The electricity debate is full of myths, the biggest of which is the myth of wind and solar energy

The electricity debate is full of myths, the biggest of which is the myth of wind and solar energy

Debate: The electricity debate and the crisis raging in Norway and Europe are characterized by many myths about how to solve problems.

The electricity debate is full of myths that need to be dispelled, one of which is the importance of wind and solar energy.

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With knowledge-based knowledge and experience, combined with the healthy realism of market policy, many of these myths can be dispelled. It is said that electricity from wind and solar energy will become dominant in the energy supply. This is perhaps the biggest myth that has been introduced. Leading energy agencies and consultants claim in all earnestness that by 2050, 70-80 percent of global energy supply will come from wind and solar, compared to 10-15 percent today.

It is absolutely utopian to imagine such an increase in wind and solar power in 28 years, both in terms of what is technically feasible, and because there is a limit to how much variable current can be fed into a power source. If you are able to run a stable power grid, you need to have enough adjustable capacity – such as the base load, to smooth out fluctuations, as well as provide additional capacity when wind and solar are down. Germany, for example, has learned painfully the cost of neglecting the need for balance and energy reserves.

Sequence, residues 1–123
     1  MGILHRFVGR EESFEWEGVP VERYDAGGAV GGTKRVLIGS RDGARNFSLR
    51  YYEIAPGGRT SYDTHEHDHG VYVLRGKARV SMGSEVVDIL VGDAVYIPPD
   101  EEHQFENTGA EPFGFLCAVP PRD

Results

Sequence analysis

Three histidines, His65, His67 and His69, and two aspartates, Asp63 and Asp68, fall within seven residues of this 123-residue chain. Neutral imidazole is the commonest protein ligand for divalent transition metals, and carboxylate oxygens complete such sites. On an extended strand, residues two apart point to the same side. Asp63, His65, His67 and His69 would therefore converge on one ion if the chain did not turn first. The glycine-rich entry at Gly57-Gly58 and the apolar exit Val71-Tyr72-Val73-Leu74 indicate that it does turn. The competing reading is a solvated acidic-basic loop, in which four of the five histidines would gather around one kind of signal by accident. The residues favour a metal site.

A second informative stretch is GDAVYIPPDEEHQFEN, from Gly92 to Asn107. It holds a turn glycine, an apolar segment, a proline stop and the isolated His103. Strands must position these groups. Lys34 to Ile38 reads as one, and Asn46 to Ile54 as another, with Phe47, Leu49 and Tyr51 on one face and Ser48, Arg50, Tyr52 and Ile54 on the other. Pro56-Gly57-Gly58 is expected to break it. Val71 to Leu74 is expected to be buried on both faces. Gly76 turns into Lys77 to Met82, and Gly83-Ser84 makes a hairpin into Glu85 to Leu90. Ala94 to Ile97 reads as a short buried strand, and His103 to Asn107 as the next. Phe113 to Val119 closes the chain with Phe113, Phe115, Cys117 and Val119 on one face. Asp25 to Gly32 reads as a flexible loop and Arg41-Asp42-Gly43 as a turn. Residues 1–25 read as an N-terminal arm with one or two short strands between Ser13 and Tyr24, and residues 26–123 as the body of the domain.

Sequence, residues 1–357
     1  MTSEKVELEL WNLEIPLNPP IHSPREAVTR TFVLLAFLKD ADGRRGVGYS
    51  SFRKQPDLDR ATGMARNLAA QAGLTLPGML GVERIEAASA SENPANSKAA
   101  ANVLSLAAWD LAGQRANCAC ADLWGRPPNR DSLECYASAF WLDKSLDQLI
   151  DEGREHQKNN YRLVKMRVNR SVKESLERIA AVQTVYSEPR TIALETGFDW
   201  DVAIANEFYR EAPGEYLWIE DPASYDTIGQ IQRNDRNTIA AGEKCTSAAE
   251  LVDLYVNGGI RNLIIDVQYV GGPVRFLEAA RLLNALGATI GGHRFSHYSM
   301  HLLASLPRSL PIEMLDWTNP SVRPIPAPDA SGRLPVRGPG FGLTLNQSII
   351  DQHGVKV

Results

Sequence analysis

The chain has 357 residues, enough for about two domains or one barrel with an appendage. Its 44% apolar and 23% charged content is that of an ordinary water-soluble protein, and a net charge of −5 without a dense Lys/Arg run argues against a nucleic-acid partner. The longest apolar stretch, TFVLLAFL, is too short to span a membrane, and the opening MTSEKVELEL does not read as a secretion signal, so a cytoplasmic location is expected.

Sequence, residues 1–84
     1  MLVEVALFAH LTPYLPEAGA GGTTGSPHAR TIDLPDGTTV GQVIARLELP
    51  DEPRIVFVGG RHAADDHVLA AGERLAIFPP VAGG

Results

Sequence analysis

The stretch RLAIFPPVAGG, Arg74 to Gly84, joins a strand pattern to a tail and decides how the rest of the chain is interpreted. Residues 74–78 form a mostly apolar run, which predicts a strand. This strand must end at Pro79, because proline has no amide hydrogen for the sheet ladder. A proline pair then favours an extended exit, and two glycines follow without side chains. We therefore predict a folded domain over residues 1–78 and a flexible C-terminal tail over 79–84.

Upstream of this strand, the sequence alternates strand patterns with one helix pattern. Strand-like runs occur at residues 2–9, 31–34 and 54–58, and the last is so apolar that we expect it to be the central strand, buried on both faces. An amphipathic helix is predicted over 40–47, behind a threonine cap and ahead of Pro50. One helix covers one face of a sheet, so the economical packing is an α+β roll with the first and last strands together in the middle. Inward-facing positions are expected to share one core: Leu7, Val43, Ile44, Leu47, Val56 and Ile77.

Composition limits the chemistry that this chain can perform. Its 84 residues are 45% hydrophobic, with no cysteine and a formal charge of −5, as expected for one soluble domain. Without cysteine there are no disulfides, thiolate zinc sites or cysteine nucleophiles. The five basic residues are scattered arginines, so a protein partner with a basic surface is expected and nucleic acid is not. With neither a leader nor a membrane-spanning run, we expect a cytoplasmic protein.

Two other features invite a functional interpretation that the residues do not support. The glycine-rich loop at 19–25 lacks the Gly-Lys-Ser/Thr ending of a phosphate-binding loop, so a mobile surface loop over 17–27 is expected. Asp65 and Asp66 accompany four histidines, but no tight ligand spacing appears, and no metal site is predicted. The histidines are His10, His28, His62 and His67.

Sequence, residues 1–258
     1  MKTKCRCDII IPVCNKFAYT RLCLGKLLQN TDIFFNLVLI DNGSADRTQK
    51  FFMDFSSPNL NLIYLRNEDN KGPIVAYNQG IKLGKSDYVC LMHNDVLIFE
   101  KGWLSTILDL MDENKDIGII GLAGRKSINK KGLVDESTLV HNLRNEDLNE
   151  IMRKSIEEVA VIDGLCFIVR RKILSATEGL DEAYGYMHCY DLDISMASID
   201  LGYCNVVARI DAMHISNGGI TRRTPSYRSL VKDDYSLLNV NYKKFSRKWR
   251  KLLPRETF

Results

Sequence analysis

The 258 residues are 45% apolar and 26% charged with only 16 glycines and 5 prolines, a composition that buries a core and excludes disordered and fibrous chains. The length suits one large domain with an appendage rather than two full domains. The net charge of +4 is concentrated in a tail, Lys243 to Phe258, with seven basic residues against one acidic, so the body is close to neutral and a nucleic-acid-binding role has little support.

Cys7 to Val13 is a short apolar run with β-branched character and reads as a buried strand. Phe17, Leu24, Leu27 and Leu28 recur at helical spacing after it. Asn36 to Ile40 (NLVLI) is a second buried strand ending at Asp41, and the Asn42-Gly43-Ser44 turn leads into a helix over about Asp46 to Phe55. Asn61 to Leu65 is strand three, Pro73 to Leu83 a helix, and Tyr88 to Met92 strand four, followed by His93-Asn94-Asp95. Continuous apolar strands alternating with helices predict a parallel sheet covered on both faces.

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Too many desk theories

Many “energy experts” claim that the problems of uncontrolled energy production can be solved through battery storage, “smart” operation of the power grid, “green” hydrogen-based gas power, and more. All of this is mostly desk theory, a far cry from the reality of being able to power a large-scale AC power supply.

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It is also said that Norway can import cheap wind energy via foreign cables.
This is a myth often used as an argument in defense of foreign cables. Maybe we can import cheap energy from time to time, but wind energy in all countries is fed into the main grid, to convert it into salable constant electricity. Thus, the energy being imported consists of the relevant electricity mix of Germany, Denmark, Sweden and Great Britain. They are coal, gas, oil, water, nuclear, wind and solar energy.

The Norwegian offshore wind is not as important as it claims. The government aims to develop 30 GW of Norwegian offshore wind by 2040. This corresponds to a total energy production of 105 TWh/year. Norway’s energy production in a typical year is 155 TWh, of which approximately. 75 percent of the hydropower is adjustable. The Norwegian power grid is already full of unregulated power. Another increase will quickly lead to higher system costs.

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The legend of kilowatt-hours